CURRAN | Puzzling Hoyas Defy Odds
Published: Friday, January 25, 2013
Updated: Friday, January 25, 2013 00:01
Does any team anger the Vegas oddsmakers like Georgetown does?
This season’s Hoyas have gone from brilliant to miserable and back to brilliant time and again, sometimes in less than a week. Last weekend, 48 hours and a plane ride was the difference between a flat-out embarrassing loss at South Florida and a triumphant shellacking of No. 24 Notre Dame — in South Bend, no less.
At its best, Georgetown is a coach’s dream, an unselfish, disciplined group capable of decimating more talented teams with textbook ball movement and rock-solid defense. John Thompson III is a coaching mastermind, Otto Porter Jr. a Wooden Award candidate.
At its worst, Georgetown is a fan’s nightmare, an undersized and unathletic collection of gaffe-prone players stuck in a robotic, outdated system. Thompson III is behind the times, Porter Jr. incapable of carrying a team.
With that in mind, how can the Vegas boys be expected to formulate reasonable odds for tomorrow’s showdown with No. 5 Louisville? In short, they can’t. But I have a feeling the Cardinals-Hoyas game will be closer than the line predicts.
The most consistent habit of the Blue and Gray under Thompson III is to play to the level of their competition, for better or for worse. Georgetown is 2-1 against the Top 25 this season, and the one loss (in overtime against Indiana) may have been its best-played game of the year. But while the Hoyas don’t back down against big-time competition, they do often get mired in tight contests with mediocre or poor teams — the loss at South Florida and narrow wins over Duquesne and Towson come to mind.
It’s easy to attribute this tendency to Thompson III’s modified Princeton offense. The slow-paced attack — especially when combined with a stingy defense — minimizes the amount of possessions per game, giving the more talented team fewer chances to assert its dominance.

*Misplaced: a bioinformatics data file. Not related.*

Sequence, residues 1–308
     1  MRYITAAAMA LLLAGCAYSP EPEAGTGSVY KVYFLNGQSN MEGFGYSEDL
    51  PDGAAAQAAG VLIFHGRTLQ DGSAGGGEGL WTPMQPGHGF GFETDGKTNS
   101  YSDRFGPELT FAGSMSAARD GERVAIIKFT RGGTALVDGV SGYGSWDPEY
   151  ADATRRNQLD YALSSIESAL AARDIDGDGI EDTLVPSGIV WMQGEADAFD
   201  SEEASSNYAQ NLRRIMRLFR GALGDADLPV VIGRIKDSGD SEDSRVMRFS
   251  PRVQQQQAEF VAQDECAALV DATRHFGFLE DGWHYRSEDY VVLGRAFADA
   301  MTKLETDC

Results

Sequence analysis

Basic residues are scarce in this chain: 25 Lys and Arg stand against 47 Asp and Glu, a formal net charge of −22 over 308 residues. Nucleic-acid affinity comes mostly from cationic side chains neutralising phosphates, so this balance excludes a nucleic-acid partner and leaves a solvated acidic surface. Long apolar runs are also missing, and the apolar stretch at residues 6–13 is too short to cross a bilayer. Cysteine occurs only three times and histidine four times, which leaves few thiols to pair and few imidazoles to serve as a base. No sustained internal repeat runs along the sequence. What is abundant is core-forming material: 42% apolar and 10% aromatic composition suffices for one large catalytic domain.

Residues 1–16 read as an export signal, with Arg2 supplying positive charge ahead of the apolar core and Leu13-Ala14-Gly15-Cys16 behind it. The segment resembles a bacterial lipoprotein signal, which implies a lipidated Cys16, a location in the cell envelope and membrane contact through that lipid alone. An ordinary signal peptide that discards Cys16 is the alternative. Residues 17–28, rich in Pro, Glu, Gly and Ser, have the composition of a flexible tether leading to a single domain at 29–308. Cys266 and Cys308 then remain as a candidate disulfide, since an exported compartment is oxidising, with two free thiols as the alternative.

Of course, the phenomenon is tougher to explain when you realize that this year’s Georgetown squad plays to its competition’s level even more than in the past few years, despite pushing the ball more than any Hilltop team in recent memory. But whether it’s a psychological quirk, a coincidence of shooting streaks or the still-methodical half-court set, the Hoyas have undeniably played well against good teams and poorly against bad teams.
Fortunately for anyone planning to attend Saturday’s contest, Louisville falls firmly in the former category. Still, this matchup will be unlike any Georgetown has experienced this season.
Yes, Indiana was the top-ranked team in the country when it met Georgetown in November. But the Hoyas also had the services of Greg Whittington and were playing under virtually no pressure — for an unranked team against No. 1, virtually anything but a blowout loss is a win in the public eye.
The visitors at Verizon Center tomorrow have little in common with the Hoosiers, save for their high ranking. Rick Pitino’s fifth-ranked Cardinals are coming off two straight conference losses, including one at the hands of a weak Villanova team, and are desperate for a convincing victory.
Georgetown will make it difficult for Louisville to pick up that win. Whether the Hoyas can actually finish the job, however, depends on their ability to avoid mental errors.
That’s one of the great ironies of this year’s squad: A team that runs one of basketball’s more complex, disciplined systems has often struggled due to simple mental mistakes — mistakes that will destroy any chance of a win against Louisville. Mikael Hopkins can’t bench himself with silly fouls against Gorgui Dieng. Nate Lubick can’t get over-ambitious with back-door passes against Chane Behanan. Porter Jr. can’t attempt to keep dribbling when Peyton Siva comes to double him.
What may have been a toss-up game with Whittington on the court (the Cards have no offense either, remember?) has become a long shot with him off it. The Hoyas have to play a near-perfect game to stand a chance, a bet no smart man would take after watching their performance against South Florida.
But given its big-game history this year, I’d say Georgetown has a shot to beat the odds — or, at least, to cover the spread.